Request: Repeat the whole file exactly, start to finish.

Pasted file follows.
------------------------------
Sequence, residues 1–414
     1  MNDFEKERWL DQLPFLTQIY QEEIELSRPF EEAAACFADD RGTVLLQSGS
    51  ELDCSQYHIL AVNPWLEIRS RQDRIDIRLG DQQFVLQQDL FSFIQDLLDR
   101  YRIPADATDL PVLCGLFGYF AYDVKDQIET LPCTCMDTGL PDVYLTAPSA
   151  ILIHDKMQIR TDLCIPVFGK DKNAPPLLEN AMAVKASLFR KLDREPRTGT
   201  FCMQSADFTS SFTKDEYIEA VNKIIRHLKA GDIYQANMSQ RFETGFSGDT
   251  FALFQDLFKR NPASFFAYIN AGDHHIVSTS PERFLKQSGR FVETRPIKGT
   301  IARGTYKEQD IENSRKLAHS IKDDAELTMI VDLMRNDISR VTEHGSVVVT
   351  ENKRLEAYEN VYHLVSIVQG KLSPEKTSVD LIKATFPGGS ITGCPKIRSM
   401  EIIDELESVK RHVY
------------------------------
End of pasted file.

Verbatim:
Sequence, residues 1–414
     1  MNDFEKERWL DQLPFLTQIY QEEIELSRPF EEAAACFADD RGTVLLQSGS
    51  ELDCSQYHIL AVNPWLEIRS RQDRIDIRLG DQQFVLQQDL FSFIQDLLDR
   101  YRIPADATDL PVLCGLFGYF AYDVKDQIET LPCTCMDTGL PDVYLTAPSA
   151  ILIHDKMQIR TDLCIPVFGK DKNAPPLLEN AMAVKASLFR KLDREPRTGT
   201  FCMQSADFTS SFTKDEYIEA VNKIIRHLKA GDIYQANMSQ RFETGFSGDT
   251  FALFQDLFKR NPASFFAYIN AGDHHIVSTS PERFLKQSGR FVETRPIKGT
   301  IARGTYKEQD IENSRKLAHS IKDDAELTMI VDLMRNDISR VTEHGSVVVT
   351  ENKRLEAYEN VYHLVSIVQG KLSPEKTSVD LIKATFPGGS ITGCPKIRSM
   401  EIIDELESVK RHVY